Self-Driving Cars Aren’t Here Yet – But Their Parts Are
Life + Money

Self-Driving Cars Aren’t Here Yet – But Their Parts Are


Self-driving cars – the  stuff of science fiction for decades – will  be here within the decade, but several of their key features are already on sale in today’s new vehicles.

For instance: General Motors’ Range Adapted Cruise Control (latest edition)  takes the car from 70 mph to zero without any help from the driver.  Park Assist allows cars to self-parallel  park, and already exists in many Ford and GM models.


Rear Cross Traffic Alerts stop a car before it backs into a building or pedestrian. Active Lane Keeping is a new technology that uses cameras to read the yellow lines and keep the car in its lane – while Lane Departure Warning beeps when a driver drifts. GM already offers most of these “embedded real time” technologies as part of its Super Cruise package in its Cadillac XTS and ATS models.

According to Bill Visnic, an auto industry analyst at Edmunds, the Mercedes S class and the Infinity Q50 offer similar packages, but he places GM in the lead among the Big Three carmakers. “They are fully engaged in the luxury market, and any big innovation usually starts in the luxury market and trickles down from there. Plus they have a dedicated innovation department.”

Consumers are increasingly getting on board. Last year, 40 percent of car buyers were interested in semi-autonomous features, such as emergency braking and steering, and 32 percent were interested in automatic park assist, according to the 2013 U.S. Automotive Emerging Technologies Study released last month by J.D. Power and Associates.


Experts predict the first fully AV cars to hit the road by 2020, but even those will have a human component. The system will operate somewhat like an airplane’s autopilot, with a human driver able to override the computer or go hands free at will.

And the auto manufacturers aren’t the only ones that are road-testing the technology. The Google Car, a converted Prius, is the poster-droid for the industry. Google claims to have road tested it over 500,000 miles in California and Nevada, where the company has pushed for legislation allowing for such trials. And a team from Carnegie Mellon University (CMU) has spent seven years on its AV, a converted Cadillac SRX.

Competition has intensified in the last two years, says Dan Gage, of the Auto Alliance, an industry lobby that represents 11 automakers. As tech egos swell and recede, along with market share – depending on who is first and best in class – this  race has a revolutionary common goal. If  they succeed, lives will be saved.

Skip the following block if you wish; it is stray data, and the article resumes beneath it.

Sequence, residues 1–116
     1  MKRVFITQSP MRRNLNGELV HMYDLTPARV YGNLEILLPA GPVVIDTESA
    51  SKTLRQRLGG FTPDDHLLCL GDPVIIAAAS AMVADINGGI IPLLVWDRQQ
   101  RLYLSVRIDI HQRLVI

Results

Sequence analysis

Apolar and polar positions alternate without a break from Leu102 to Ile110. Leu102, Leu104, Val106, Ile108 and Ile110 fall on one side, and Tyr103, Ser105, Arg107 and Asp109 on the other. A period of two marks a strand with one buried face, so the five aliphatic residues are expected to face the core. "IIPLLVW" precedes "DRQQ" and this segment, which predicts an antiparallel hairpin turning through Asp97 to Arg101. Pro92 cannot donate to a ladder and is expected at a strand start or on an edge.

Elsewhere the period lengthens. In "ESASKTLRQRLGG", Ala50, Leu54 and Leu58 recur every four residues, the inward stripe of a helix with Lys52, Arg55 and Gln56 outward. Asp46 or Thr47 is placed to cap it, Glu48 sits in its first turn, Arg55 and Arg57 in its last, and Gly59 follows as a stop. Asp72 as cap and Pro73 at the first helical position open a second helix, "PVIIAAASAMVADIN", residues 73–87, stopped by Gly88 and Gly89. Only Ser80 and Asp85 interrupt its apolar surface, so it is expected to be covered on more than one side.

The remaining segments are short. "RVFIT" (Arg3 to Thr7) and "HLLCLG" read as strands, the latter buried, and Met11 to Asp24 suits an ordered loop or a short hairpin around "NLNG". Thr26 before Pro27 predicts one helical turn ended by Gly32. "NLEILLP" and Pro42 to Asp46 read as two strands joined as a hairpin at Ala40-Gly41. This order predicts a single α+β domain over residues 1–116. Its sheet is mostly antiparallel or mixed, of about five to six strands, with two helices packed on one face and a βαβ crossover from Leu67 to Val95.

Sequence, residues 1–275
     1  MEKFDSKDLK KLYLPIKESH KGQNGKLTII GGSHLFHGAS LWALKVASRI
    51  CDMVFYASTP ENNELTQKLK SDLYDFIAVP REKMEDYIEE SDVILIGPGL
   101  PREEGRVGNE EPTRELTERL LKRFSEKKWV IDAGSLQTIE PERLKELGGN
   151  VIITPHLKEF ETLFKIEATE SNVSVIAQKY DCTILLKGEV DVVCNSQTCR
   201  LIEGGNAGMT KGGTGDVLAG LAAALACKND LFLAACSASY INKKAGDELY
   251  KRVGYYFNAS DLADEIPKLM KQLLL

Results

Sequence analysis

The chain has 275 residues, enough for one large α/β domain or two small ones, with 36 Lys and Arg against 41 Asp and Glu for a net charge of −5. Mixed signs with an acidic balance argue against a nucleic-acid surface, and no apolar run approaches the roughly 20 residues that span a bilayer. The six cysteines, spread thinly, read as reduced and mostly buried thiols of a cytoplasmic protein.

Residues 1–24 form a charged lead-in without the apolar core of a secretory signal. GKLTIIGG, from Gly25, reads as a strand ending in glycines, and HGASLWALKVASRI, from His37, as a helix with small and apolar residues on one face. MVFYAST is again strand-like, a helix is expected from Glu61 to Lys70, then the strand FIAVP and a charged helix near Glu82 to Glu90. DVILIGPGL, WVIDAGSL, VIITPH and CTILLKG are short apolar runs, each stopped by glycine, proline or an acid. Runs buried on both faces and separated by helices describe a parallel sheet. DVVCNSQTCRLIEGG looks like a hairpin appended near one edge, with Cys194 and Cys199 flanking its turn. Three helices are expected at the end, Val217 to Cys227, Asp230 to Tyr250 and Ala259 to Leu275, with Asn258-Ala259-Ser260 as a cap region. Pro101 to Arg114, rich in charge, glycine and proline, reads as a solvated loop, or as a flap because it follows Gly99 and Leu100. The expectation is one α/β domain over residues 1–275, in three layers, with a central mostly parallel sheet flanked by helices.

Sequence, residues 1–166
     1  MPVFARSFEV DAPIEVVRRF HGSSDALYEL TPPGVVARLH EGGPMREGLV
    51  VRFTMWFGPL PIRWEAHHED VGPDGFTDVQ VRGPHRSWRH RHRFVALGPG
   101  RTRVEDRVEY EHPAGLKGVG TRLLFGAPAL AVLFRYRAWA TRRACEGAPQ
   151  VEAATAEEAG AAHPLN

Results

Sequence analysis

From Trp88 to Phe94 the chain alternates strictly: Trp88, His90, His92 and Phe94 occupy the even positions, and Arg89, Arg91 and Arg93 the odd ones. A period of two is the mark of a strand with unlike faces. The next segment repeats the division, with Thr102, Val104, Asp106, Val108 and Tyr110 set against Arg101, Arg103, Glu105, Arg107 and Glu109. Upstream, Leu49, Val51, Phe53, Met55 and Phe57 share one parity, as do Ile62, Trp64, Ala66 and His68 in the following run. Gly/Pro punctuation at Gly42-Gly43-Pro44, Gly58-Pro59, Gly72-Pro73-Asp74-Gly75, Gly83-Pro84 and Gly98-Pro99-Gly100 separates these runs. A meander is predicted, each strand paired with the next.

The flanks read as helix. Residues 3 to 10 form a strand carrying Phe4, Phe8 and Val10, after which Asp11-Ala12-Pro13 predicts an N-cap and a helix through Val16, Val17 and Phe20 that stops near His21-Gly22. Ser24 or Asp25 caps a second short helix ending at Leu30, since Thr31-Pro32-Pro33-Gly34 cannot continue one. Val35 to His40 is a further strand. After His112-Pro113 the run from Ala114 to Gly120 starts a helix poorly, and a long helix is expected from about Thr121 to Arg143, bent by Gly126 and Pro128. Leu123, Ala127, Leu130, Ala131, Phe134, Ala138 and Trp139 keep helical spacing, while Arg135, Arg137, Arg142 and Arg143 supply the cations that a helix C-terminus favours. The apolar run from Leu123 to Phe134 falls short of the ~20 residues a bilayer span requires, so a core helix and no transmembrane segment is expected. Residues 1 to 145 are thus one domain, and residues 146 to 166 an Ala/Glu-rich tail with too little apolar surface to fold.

“We want to make cars that don’t crash,” says Dan Flores, a GM spokesman. That may sound outlandish, but Flores says the industry moved into what he calls “active safety technology” twenty years ago with the advent of anti-lock brakes.

That’s a lofty goal, and one that’s still far off. Though Google may have driven 500,000 miles, the current rate is a fatal car crash every 100 million miles. “That’s not even even a data point yet,” says Richard Wallace, of the Center for Automotive Research. “It’s got to work in every environment, from driveway to parking lot, and we’re far from that. Camera-based systems don’t work at all in the snow, and they don’t work that well at night.”


Raj Rajkumar, who is heading up the CMU team, agrees that his next challenge is to get his car to work in heavy weather and in tunnels where there is no GPS. He admits that even with most of his systems in place, humans will need to be at the wheel for the next ten years. His concern is that humans are, well, human.

“We get distracted, and 90 percent of accidents happen because of human error,” he says. “Once people trust the technology, it will be safer if the human is not in the loop.”

Bryant Walker Smith, a research fellow at the Stanford Law and Engineering schools, isn’t as certain. “Nobody knows how safe these vehicles are, how safe they need to be, and how you go about measuring and demonstrating that.”

He agrees that human error is responsible for 30,000 traffic fatalities and accidents that injure over a million people each year. “But even if self-driving cars are ten times better than that, people are still going to be upset.” It could also  be a legal nightmare for manufacturers and insurers. “I don’t think anyone should bet against technology,” says Smith, “but it will be gradual.”

A major barrier to taking AVs mainstream is the cost, says Wallace, who estimates that an AV will eventually start at $150,000. “The biggest hurdle is bringing the price point down, so it’s feasible on a mass scale. Then  you have to get the regulatory regime to catch up.”

Trouble is, states have different rules when it comes to AVs and there is no federal AV legislation at all. There’s also the issue of infrastructure. In a perfect world, the cars aren’t just self-driving but communicating with the environment, and one another, to keep a safe distance.

Traffic lights and caution signs would issue advance warnings as code. But when the federal government can’t even agree on spending deals to repair degrading bridges and tunnels, it may be unreasonable to expect such an investment.

Wallace doesn’t see that as an issue. Although smart traffic signals would have to be installed – a process already underway in many cities, including Pittsburgh – he  believes most of the vehicle-to-vehicle and vehicle-to-infrastructure conversation can happen via the existing cell phone network.

“The federal government won’t have to build anything,” he says. “Verizon already built it.”